Out there in business advice land, there's lots of writing about how good company cultures celebrate, encourage, or, at least accommodate, mistakes. Much of it is pablum, but there are some OK treatments of the topic (here's one I stumbled across).
Some other examples include: (1) An old friend, and founding member of the digerati, Esther Dyson, used to e-sign all her email with "Always Make New Mistakes" and (2) the founder of several companies that I've worked with over the years exhorted his employees to "Make Mistakes, but Don't Tank the Company."
As Stephen Colbert would have said, there's "truthiness" in all of these statements. But, sophisticated management teams understand the nuances of the situation. Too often, the cultural tagline, "it's OK to make mistakes", gets interpreted as "it's OK to move fast and be careless". That is not a way to build a successful company. Intelligence and common sense need to be applied.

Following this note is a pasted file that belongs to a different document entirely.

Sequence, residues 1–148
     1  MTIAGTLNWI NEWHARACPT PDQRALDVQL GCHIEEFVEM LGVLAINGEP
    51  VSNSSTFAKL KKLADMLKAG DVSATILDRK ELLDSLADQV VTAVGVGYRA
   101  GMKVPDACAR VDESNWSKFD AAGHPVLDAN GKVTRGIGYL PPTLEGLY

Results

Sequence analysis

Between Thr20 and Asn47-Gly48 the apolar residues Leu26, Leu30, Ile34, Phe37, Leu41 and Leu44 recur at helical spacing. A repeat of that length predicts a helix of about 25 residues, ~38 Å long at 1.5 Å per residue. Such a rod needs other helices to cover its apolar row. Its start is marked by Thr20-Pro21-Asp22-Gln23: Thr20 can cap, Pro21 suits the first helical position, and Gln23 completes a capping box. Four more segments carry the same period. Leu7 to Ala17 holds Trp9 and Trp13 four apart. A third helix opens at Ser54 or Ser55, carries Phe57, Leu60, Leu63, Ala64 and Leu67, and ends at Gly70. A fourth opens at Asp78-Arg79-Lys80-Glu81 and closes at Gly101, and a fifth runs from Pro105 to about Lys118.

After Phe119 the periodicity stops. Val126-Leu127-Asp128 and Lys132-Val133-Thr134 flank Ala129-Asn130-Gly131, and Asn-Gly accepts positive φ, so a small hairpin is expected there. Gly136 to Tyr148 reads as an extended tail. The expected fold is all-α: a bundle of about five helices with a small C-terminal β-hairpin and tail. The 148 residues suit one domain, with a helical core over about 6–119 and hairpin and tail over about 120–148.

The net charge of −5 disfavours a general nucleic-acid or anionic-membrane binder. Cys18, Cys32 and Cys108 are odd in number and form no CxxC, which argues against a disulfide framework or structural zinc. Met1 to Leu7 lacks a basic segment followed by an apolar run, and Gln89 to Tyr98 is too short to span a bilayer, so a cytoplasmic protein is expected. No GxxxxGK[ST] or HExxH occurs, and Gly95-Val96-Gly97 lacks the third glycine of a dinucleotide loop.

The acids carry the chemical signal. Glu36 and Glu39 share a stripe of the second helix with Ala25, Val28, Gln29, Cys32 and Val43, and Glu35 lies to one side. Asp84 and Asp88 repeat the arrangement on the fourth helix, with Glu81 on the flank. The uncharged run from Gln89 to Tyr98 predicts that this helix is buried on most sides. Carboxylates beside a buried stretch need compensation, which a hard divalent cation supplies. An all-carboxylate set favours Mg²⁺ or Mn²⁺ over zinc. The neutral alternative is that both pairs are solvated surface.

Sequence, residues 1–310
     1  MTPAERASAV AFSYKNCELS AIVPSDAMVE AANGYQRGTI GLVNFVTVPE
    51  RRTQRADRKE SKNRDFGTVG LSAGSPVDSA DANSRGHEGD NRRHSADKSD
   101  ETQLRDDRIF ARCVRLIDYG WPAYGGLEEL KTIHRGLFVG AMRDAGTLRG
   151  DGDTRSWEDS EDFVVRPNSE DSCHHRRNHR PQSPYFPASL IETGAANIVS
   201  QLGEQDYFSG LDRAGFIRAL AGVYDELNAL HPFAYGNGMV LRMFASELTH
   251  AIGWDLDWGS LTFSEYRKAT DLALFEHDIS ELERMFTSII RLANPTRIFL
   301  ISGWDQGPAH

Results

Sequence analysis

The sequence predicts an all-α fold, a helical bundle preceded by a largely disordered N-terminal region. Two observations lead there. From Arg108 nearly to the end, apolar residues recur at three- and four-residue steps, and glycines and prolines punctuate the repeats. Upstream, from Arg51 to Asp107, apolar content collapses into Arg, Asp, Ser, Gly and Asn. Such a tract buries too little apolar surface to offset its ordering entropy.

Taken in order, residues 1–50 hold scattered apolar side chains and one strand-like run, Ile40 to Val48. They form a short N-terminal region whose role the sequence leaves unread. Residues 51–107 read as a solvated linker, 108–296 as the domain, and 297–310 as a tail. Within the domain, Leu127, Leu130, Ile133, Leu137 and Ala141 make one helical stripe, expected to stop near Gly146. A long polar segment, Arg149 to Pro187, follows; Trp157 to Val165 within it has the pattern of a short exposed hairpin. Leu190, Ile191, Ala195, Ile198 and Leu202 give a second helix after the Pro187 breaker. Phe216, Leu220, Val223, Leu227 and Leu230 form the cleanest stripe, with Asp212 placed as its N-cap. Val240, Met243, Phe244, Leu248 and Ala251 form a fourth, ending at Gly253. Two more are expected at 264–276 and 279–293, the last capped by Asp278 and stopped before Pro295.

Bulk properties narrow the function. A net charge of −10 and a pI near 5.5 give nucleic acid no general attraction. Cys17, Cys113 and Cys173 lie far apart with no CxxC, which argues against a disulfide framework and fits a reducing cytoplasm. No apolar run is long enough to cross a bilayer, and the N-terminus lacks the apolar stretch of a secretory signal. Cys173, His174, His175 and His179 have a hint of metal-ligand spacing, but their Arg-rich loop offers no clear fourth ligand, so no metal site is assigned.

Here's my take on the way to express the approach that good company cultures should take towards making mistakes. I call it the Ten Commandments of Making Mistakes.
It's OK to make mistakes if you:
- were paying attention at the time
- were not affirmatively trying to make a mistake
- had both planned and prepared before making the mistake, and weren't being careless in doing whatever resulted in the mistake
- were not repeating a mistake that, while new to you, had already been made by others in your Company
- weren't making a mistake that, with some minimum amount of research, you would have found out that others had already made
- had checked with some others before making the mistake
- aren't making a mistake that tanks the Company
- were obeying a law of minimum common sense while making the mistake
- admit it was a mistake when that becomes apparent, and
- spend time learning from the mistake -- so that you don't repeat it.
Unfortunately, this is way to much to fit in a company culture statement, but maybe management teams can figure out how to let it percolate out into the Company over time.
P.S., I'd love to get other formulations and approaches to the culture of making mistakes.